The pins don’t have to be close together, just enough so you can tell how the sleeve is hanging.  Don’t worry about extra ease in the sleeve right now.  Once the sleeve is pinned, check to see how the sleeve is hanging.  The sleeve ease is really well distributed in this pattern, so it should sit well, but feel free to move it around if you aren’t happy.  Next, baste the sleeves with matching thread, since this can stay in the finished coat. Use a fairly small running stitch.

baste sleeve

This is where you want to ease any wrinkles into the armscye; happily, most wool likes to ease, and using a small seam allowance makes it easier to control the fabric.  Check the hang of the sleeve again, and make sure there aren’t any big wrinkles or other unhappiness.  If you’re having problems, you can try pressing the seam, just don’t go more than an inch into the sleeve.  Hand sewing the sleeve into the armscye instead of machining it also gives you greater control.

Once the sleeves are sewn, baste around the armscye from the exterior of the coat, as close to the sleeve seam as possible and going through as many layers of canvas, shoulder pad, and lining as you can.

baste from exterior

You want to push all the seam allowances of the coat and sleeves towards the sleeves, and to hold all the layers in place.  Since there is extra ease in the lining, there might be a few folds when you baste the layers together, just make sure the lining isn’t pulling anywhere.  From the inside with the sleeve facing  you, backstitch through all the layers close to the stitch line using heavy thread.

Backstitch

I was able to go through the shoulder pad and catch the lining on the other side, but if your shoulder pads are thick you might have to do a second line of backstitching from the lining side, catching the shoulder pad to the lining.  Trim away the extra wool, canvas, lining, and shoulder pad; I usually leave only ¼ inch under the arm and taper to ½ inch at the top and sides of the armscye.  Sew a sleeve head in the armscye, starting at the front notch or sleeve seam and going around the top of the sleeve to the back sleeve seam.  Sleeve heads fill out the ease at the top of the sleeve and give a smooth look to the shoulder.  You can buy them or make your own; I used a bias strip of wool 2 inches wide, folded over about ½ inch and pressed.

sleeve head

 Fold the sleeve lining over ¼” and slip stitch in place, matching seams with the sleeve and just covering the backstitching.  Its perfectly acceptable to have small gathers in the lining around the top of the sleeve.  Lining rarely eases as nicely as wool.

stitch sleeve lining

See you tomorrow for the last day of our series!


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Tailored Peacoat Series: #5

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Day #1 – Tuesday, March 18th: Prepare Pattern, Cut Fabric, Mark Seam Lines

Day #2 – Wednesday, March 19th: Adjust Pockets, Apply Canvas and Interfacing

Day #3 – Thursday, March 20th: Sewing the Facing and Lining

Day #4 – Friday, March 21st: Sewing the Main Body Seams and Adding Shoulder Pads

Day #5 – Saturday, March 22nd: Creating the Collar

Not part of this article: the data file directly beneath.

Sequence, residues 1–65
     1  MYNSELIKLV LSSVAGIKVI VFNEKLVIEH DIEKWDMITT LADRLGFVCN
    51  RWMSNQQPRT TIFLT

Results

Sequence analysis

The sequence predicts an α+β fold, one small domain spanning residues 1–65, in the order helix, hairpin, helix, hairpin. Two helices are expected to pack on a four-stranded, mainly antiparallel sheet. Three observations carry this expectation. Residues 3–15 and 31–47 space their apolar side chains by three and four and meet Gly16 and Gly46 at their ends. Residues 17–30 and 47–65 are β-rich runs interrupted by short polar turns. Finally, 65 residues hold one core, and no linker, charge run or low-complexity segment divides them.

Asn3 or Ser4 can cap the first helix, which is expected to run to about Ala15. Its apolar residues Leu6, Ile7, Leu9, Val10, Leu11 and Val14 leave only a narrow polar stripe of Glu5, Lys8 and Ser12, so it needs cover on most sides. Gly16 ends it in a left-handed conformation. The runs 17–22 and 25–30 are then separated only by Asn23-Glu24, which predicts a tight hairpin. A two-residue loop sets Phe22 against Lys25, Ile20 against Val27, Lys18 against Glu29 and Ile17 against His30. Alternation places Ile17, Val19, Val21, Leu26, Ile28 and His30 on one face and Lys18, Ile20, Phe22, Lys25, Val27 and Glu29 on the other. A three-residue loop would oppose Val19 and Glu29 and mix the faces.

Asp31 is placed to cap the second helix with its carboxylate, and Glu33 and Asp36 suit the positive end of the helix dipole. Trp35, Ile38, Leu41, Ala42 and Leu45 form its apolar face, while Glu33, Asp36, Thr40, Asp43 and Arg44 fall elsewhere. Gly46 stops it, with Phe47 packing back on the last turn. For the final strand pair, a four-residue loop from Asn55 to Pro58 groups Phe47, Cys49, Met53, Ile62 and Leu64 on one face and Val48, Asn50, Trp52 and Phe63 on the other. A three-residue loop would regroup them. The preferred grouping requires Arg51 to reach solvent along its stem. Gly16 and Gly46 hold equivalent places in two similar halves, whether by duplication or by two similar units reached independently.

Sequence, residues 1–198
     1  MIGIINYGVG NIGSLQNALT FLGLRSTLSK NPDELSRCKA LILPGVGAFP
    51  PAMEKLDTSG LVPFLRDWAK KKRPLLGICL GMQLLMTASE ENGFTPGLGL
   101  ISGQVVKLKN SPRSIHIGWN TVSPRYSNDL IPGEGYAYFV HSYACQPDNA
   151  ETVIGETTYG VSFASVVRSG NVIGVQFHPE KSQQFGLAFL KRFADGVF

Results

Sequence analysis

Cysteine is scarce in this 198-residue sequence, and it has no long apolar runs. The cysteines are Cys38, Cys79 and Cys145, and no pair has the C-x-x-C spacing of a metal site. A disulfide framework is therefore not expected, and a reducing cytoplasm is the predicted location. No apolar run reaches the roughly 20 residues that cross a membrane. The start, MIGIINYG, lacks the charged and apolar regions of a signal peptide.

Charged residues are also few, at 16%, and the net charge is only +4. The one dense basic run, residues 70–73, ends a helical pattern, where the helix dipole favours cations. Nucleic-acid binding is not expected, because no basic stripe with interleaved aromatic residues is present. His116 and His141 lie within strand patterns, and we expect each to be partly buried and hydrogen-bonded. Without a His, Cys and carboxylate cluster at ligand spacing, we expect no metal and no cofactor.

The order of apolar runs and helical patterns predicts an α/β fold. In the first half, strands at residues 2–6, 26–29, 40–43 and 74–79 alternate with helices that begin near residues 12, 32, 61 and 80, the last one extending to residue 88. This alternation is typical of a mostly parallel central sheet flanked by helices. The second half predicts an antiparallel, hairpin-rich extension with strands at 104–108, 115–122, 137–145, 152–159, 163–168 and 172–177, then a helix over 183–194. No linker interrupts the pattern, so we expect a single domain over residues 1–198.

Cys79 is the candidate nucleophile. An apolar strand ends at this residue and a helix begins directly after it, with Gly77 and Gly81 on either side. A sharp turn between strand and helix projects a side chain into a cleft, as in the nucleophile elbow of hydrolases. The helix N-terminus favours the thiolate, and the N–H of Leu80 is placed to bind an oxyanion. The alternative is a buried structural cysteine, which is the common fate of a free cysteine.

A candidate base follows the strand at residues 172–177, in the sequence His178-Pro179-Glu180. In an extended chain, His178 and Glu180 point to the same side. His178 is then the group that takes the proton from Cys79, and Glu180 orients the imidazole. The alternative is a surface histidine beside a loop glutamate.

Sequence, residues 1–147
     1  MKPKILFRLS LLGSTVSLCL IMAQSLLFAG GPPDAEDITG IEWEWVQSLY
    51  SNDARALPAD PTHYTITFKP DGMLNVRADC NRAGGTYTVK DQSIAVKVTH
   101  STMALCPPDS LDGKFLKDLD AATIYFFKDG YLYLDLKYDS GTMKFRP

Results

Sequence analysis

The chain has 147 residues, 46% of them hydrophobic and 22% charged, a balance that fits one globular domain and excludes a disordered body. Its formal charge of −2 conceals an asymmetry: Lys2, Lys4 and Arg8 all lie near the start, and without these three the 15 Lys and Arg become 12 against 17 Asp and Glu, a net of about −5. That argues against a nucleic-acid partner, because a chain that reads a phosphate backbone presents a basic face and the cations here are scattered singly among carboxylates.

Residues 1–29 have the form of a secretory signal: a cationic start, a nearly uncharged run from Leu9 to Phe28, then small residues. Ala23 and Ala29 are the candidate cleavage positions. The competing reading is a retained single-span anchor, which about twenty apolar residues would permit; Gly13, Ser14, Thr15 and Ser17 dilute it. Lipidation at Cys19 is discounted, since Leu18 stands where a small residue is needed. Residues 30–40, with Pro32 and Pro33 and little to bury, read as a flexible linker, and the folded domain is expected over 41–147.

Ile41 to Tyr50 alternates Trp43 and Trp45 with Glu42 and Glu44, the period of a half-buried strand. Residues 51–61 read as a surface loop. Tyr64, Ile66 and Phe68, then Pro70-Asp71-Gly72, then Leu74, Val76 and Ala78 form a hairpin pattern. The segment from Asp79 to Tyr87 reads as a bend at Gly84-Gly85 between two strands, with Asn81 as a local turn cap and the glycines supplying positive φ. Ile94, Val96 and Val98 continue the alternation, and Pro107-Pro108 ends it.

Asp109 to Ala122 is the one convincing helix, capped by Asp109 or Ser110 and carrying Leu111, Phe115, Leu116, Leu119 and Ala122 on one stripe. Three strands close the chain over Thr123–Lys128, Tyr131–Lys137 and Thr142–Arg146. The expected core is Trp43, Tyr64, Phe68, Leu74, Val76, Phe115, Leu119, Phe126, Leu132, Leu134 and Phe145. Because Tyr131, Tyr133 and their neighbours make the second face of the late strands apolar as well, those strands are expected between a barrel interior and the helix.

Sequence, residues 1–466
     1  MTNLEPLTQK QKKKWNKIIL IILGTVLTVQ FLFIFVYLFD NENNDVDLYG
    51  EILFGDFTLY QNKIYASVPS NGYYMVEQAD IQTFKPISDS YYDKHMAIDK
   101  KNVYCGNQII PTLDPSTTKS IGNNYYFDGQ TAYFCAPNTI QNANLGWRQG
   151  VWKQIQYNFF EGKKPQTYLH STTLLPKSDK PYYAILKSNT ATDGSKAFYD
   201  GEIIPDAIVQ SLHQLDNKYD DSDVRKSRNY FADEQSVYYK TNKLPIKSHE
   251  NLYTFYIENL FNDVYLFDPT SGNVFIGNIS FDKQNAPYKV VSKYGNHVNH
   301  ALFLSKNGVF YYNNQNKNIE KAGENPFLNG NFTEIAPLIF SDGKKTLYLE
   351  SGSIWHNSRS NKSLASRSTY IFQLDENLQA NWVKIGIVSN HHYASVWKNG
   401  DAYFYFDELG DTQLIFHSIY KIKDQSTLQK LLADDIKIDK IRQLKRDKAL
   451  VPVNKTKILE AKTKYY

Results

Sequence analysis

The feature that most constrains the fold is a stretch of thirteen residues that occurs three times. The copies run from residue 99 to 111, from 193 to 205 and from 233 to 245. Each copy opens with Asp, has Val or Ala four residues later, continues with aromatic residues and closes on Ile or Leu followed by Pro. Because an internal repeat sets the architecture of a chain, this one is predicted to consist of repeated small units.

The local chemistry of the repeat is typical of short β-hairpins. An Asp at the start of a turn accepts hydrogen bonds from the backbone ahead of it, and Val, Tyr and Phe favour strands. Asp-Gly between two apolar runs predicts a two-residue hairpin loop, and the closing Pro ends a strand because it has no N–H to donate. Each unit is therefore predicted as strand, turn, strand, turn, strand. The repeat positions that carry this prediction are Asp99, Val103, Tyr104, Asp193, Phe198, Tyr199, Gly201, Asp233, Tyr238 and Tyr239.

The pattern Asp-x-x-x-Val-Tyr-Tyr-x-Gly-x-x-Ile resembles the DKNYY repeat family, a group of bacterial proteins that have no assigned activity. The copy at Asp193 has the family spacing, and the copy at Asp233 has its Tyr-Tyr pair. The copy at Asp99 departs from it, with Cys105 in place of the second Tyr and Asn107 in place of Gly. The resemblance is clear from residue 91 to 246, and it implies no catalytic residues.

Day # 6 – Sunday, March 22nd: Inserting the Sleeves

Day #7: – Monday, March 23rd: The Finishing Touches

Tailoring the Collar

I split the under collar at the center back.  I cut two pieces on the bias from hair canvas, trimming away the seam allowance, and also cut two bias under collar  pieces from wool.  If you are suave like Matt (Matt appreciates that statement, thanks Dana! :P) and want to pop the collar of your coat, I would cut the under collar from a single piece, but you can still cut the interfacing on the bias.

lightly pad stitched the canvas to the under collar, making sure I didn’t go all the way through the wool –  but my wool is quite thick and fuzzy, so if your fabric is thinner or has a tighter weave and you’re worried your stitches might show, its okay to skip pad stitching.

padstitch undercollar

Cross stitch the canvas to the wool to keep the edges in place.

cross stitch undercollar

Fold the seam allowance up from notch to notch along the neck edge and baste in place.

Lay the coat out with the neck facing you, and with the wool side of the under collar up, pin the collar to the neck edge matching center back and the notches.  I also put a pin at the roll line.

pin undercollar

Making sure the canvas and linings are laying nicely inside the coat, and easing as needed along the neck edge, baste the collar to the coat.

Baste undercollar

Check to make sure the lining isn’t doing anything weird (sometimes it likes to jump around) — (Remember that Dana didn’t use the back neck facing so she is dealing with lining fabric at the neck seam) — and sew the collar to the coat using a fell stitch and double thickness of thread (to see how to do the fell stitch, have a look at the second stitch on Colette Patterns’ “Basic Hand Stitches” guide).  Don’t be afraid to catch the facing and lining.

sew collar

From the inside, cross stitch the neck seam allowance to the collar, clipping where needed to get it to lie flat.

cross stitch neck seam allowance

Cut a piece of fabric about 1 ½ inches wider and 2 inches longer than the under collar.  Fold it in half, and using a hot steam iron, stretch the top and bottom long edges.